• ground black pepper
• 6 or so whole allspice, ground
• 2 tablespoons prepared horseradish (from the refrigerated section)

Put the shank to the pot and nestled it among the veggies so that it rests on the bottom of the pot. Add:

• many small domestic white mushrooms, whole (I got these today)
• some red wine — not a lot: maybe 1/2 cup
• juice of a lemon
• 1 tablespoon apple cider vinegar
• 2 tablespoons Worcestershire sauce (or maybe tamari: umami is what we want)
• maybe a tablespoon of the Spicy Chili Miso.

If I had any cognac, I’d add a little of that, perhaps toward the end.

I’ll cover the pot, put it into a 200ºF oven and leave it for 8 hours or so.

Actual

I decided to skip browning the meat. The idea of browning meat is get flavor from the Maillard reaction and (especially with steaks) to have a flavoral crust.  But I will get plenty of flavor from the other ingredients, including lots of umami (mushrooms and Worcestershire or tamari), not browning the meat means greater tenderness for meats that are stewed or braised. For example, I stopped browning the little pieces of beef when I made chili. (I much prefer beef to pork for chili: much more tender, especially a chuck roast that you cut into small pieces and cook long and slow.) The Younger Daughter taught me about not browning meat for stews and braising, and Quebec Steve reminded me this time. So no browning.

Moreover, I decided that I would not sauté the vegetables for much the same reason: not needed for flavor, and also obviates the need for added oil (the extra-virgin olive oil).

So here’s what I actually did — and note that in some cases I revised the amounts:

Put beef shank into pot.

In a large bowl, mix:

• 1 large leek and 3 leek tops I’ve saved, all sliced thinly
• 1 head red Russian garlic, cloves peeled, sliced thinly (no need to let it rest)
• 1/4 head red cabbage, shredded (1/2 head would have been too much)
• dried sage leaves
• dried thyme
• ground coriander [discovered I was out; I’ll get more and would have used it]
• ground black pepper (about 2 tablespoons
• about 1/2 teaspoon ground allspice
• 1/4 cup prepared horseradish (from the refrigerated section)
• 1/2 cup red wine
• juice of a lemon
• 2 tablespoons apple cider vinegar
• 2 tablespoons Worcestershire sauce
• 2 tablespoons Spicy Chili Miso.

Pour the mixed vegetables, herbs, spices, and flavorings over the beef shank. This filled the pot (since I did not sauté the vegetables, they were still voluminous, though they will cook down). Put the pot in a 225ºF oven for 1 1/2 hours to allow vegetables to cook down to reduce the volume. This did work, which left room for the next step.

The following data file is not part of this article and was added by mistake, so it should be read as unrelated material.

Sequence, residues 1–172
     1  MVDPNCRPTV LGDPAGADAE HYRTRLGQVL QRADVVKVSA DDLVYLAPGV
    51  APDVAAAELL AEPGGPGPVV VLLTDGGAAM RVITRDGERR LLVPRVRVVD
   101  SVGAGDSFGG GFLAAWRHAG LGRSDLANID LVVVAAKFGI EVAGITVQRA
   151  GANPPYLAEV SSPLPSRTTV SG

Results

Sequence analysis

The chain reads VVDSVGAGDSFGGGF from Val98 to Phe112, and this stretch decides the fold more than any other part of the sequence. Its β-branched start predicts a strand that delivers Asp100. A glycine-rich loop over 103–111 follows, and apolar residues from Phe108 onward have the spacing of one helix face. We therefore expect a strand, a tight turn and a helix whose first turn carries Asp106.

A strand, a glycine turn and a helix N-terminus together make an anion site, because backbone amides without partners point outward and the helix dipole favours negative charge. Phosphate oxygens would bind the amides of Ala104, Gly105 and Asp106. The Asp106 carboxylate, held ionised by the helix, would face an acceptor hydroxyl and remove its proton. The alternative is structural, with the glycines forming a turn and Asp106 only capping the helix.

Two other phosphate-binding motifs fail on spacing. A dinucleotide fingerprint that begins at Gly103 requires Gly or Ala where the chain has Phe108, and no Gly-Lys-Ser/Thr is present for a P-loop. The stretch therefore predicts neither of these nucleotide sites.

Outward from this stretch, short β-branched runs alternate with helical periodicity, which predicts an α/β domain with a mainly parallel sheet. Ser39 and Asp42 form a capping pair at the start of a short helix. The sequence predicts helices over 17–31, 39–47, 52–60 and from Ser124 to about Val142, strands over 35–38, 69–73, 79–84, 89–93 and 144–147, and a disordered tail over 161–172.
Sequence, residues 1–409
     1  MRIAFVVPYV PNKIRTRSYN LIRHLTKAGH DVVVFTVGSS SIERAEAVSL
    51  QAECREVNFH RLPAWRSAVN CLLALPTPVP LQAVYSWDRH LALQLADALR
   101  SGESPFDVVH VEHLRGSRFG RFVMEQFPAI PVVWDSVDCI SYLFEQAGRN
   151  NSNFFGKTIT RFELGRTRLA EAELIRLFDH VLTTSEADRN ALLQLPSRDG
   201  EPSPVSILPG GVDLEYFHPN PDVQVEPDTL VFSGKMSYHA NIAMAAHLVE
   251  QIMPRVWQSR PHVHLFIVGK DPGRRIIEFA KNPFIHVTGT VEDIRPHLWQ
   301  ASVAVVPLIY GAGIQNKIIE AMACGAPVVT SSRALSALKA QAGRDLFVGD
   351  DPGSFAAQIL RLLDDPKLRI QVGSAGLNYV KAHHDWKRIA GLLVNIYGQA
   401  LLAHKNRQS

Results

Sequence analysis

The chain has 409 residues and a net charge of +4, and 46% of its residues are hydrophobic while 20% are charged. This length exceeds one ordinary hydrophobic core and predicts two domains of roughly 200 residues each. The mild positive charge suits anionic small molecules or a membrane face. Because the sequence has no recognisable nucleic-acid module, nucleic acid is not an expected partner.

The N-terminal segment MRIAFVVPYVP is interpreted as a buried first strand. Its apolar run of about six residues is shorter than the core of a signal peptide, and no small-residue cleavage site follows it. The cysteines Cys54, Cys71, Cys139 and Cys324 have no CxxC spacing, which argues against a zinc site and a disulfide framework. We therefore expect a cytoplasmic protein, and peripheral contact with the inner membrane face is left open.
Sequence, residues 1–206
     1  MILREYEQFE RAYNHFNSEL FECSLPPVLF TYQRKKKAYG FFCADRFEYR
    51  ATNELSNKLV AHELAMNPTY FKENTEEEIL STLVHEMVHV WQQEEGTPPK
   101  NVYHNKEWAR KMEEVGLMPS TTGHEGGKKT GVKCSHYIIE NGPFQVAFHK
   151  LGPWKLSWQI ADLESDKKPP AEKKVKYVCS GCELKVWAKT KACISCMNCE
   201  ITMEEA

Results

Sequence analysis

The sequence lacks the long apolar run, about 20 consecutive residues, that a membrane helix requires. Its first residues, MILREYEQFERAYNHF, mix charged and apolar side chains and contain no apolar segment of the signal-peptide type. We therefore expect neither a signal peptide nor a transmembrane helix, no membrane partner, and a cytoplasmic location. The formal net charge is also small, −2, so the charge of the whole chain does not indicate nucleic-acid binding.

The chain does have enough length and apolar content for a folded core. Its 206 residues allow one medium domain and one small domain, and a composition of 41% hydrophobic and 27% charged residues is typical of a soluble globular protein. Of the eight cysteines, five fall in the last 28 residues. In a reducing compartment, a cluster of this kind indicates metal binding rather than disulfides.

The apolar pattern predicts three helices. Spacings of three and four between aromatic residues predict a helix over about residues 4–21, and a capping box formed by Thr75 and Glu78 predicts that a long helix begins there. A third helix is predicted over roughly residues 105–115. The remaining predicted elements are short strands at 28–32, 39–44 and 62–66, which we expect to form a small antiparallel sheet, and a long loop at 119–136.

Remove pot from oven and add:

• small (about the diameter of a quarter — 30¢ at the most) white domestic mushrooms

I added all that I had purchased, which covered the top of the vegetables 1 (small) mushroom deep. I then used a spatula to mix the mushrooms in with the vegetables, leaving the beef on bottom.

Cover pot, return to oven, reduce heat to 200ºF, and cook for another 6 1/2 hours.

Once I’ve eaten a serving for dinner, I’ll update with my verdict.

Verdict

At the right is a photo of the stew (as it is turning out to be) when I checked it after 5 hours. I think 3 hours more will be plenty. Although the pot is sitting on my induction burner, it is merely resting there for the photo; it’s being cooked, covered, in the oven.

It turned out that 6 1/2 hours was plenty: meat very tender, flavors melded (but probably better tomorrow). I’m having a bowl of it now, and it is well suited for winter dinner. One bowl stew alone (topped with the single bit of marrow), one bowl over kamut and lentils — good both ways.

I think next time I’ll try it on a mirepoix (not much — just a cup) with more of those little mushrooms. And I might throw in some marrow bones to get more marrow. But I won’t be having it for a while — still mostly plant-based.

Written by Leisureguy

18 November 2020 at 6:40 pm

Beef short ribs later today

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I follow a whole-food plant-based diet almost exclusively, and today the emphasis is on “almost.” For some reason I got a hankering for beef after seeing some extremely nice beef short ribs at the supermarket. I got three very chunky short ribs — much meat, little bone — and I browned them well on all sides in a cast-iron skillet while I prepared the veg for slow roasting in my Staub 24cm Round Cocotte, which holds 4 US quarts.

2 heads spring garlic, chopped small along with about 5″ of the stem
2 carrots cut in large dice (or moderate chunks)
1 large red onion cut into chunks
1 largish turnip cut into chunks
about a dozen small domestic white mushrooms, entire

The garlic and carrots went into the pot for the bottom layer, then I nestled the browned shorts into those veg. I scattered the red onion, turnip, the mushrooms over the meat, then added:

about 2 teaspoons dried thyme, rubbed between my hands to crush it
a good amount of ground black pepper
a pinch of smoked salt
a dash of Worcestershire sauce
juice of 2 lemons
a sprinkling of malt vinegar
about 1/4 cup good cognac

Here’s the result:

I covered the pot and put it into a 200ºF oven, where it will laze away the day.

I bought some crème fraîche and I’ll mix that with some:

ground white pepper
horseradish from the refrigerated section, squeezed dry
a little Dijon mustard
a pinch of sugar

That will go nicely with the beef.

UPDATE: The turnips are in lieu of potatoes — potatoes are too starchy for my diabetes. And I like the flavor of turnips. It occurs to me that a cup or so of shredded red cabbage might be very good. I think I’ll add it. One benefit of long slow cooking is that it accommodates afterthoughts.